Monday, June 9, 2014

Batman and Robin by Peter J. Tomasi issue #15 [Death of the Family]

Tomasi's most absolutely marvelous issue yet, and by this point since his completely undesirable shift in tone and atmosphere from the tenth issue down to the fourteenth for Batman and Robin, this crossover event tie-in regarding the Joker's return is an astounding accomplishment for everyone who loves Damian Wayne, especially his characterization in Tomasi's works. Now I own a copy of the entire Return of Joker tie-ins edition and I read B&R issues 15 and 16 there a month ago so this review will serve as an expansion of what I thought because I really enjoyed this one a lot and it's worth discussing further.

This is a visually compelling adventure teeming with a lot of gruesome imagery. Just when you think Capullo's illustrations of the Joker's peeled-off face are spooky in Snyder's Batman run, B&R artist Pat Gleason made his depictions more traumatizing to look at. There are pages upon pages of the Joker wearing that skin mask upside down so that the eye sockets end up on his mouth and the perpetual clown grin would rest on his eyes. It was just...mortifying. It was so repulsive that I admire Damian for being able to keep a straight face while talking to the Joker the entire time. And that kind of visual horror was also enhanced by the great combination of colors offered in the panels. I always rave about beautifully drawn comic book issues in my reviews, and this one is definitely one of them!

I always take time acknowledging the visual appeal for every comic book issue, most especially if it's an excellently drawn one, and issue #15 Little BIG man was no exception. I've always had a problem with Gleason's lack of detail in his previous B&R issues so it pleased me to no end that he had learned to improve on that flaw so what the readers got is pages of highly stylized illustrations of the Joker and Damian having a very intimate conversation across the backdrop of a very nightmarish landscape. It's the best thing about this issue!

Let's move on to the story now. Damian Wayne was once again asked by his father to sit out the mission to find the Joker because Batman cares about his son's safety so he and the rest of the Bat-family had their own personal encounters with the Joker (in the other tie-in issues you can learn about HERE). Damian is livid about this so he goes out on his own to rescue Alfred who was abducted by the Joker earlier in Batman issue #13. Damian, now costumed as Robin, headed out to the zoo where he beat up rabid hyenas that turned out to have toxins in their fur so he was incapacitated to a certain degree which allowed the Joker to do all sorts of things to him when they started chatting.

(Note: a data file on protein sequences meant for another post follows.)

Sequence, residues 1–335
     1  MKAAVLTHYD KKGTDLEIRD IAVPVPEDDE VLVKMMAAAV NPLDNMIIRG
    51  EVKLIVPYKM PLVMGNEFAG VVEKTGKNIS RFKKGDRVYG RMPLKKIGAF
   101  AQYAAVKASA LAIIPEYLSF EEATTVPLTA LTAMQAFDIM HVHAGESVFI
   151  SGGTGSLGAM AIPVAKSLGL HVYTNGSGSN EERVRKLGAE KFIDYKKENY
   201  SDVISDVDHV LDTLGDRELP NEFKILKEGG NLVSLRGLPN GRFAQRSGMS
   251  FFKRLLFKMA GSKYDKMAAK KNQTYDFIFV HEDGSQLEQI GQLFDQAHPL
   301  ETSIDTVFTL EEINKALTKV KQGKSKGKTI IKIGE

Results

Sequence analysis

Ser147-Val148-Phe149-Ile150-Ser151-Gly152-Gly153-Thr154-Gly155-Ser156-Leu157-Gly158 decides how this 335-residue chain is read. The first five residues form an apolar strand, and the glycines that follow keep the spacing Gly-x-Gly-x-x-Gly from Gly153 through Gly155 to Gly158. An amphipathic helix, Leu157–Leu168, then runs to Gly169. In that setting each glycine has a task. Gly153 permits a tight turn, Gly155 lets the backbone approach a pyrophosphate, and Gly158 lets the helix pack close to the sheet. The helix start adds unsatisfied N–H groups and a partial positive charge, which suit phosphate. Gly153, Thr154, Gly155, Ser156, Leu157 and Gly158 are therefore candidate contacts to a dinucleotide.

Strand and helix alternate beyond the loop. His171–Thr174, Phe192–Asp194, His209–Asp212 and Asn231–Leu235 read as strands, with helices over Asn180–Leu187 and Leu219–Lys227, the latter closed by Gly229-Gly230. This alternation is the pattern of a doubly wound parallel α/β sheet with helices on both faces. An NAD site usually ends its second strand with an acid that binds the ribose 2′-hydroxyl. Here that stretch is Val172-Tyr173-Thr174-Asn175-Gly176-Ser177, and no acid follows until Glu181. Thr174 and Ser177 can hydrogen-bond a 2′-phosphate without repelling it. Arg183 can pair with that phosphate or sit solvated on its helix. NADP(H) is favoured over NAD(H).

Those "things" are my favorite scenarios for this issue. At one point the Joker had Robin lying on a huge cracked egg while he was discussing about birth; on the other he had him hanging upside down by his legs while he talks about solar eclipses and that he and the rest of the Bat-family are the moon eclipsing the sun that is Batman in the Joker's life. I love how Gleason had to showcase Tomasi's dialogue through symbolic imagery which fits with the Joker's sense of theatrics. My most favorite had to be when the Joker had Robin land on a pile of insects and worms because he's named after a bird so he deserves to feed on those creatures. Robin did end up almost eating them and had to choke them out. It was so vile which highlights the Joker's general disapproval of Damian. 
It's worth noting that Damian is not afraid of the Joker at all because he belittles his historical importance as Batman's foremost nemesis. I actually can accept that because Damian is a ten-year old highly trained assassin whose lineage is also al Ghul. To him, the Joker is nothing but a tacky villain in a clown get-up. He had faced bigger and more brutal enemies than that. His complete disregard of the Joker shows a lack of respect which the Joker does not take lightly. However, I feel like the Joker is also finding himself quite fond of this new Robin. He was very violent and abusive with his encounters with Batgirl and Nightwing but that for him is his way of enjoying a reunion with old playmates. But with Damian, the Joker seems like he's interested in getting to know Damian and what makes him tick--and it makes me wonder if he knows or would even care to learn that this Robin is also Batman's own son and heir.

While I was contemplating that, I turned to the next pages and saw something coming out of the repugnant pile of insects and I gasped when I realized it was a drugged Batman who was almost unrecognizable; not with that murderous look in his eye as he's getting ready to attack Robin. The Joker somehow knows that this is Damian's primal fear.


* Heftily illustrated and enticingly written, Damian's encounter with the Joker is something not to miss!

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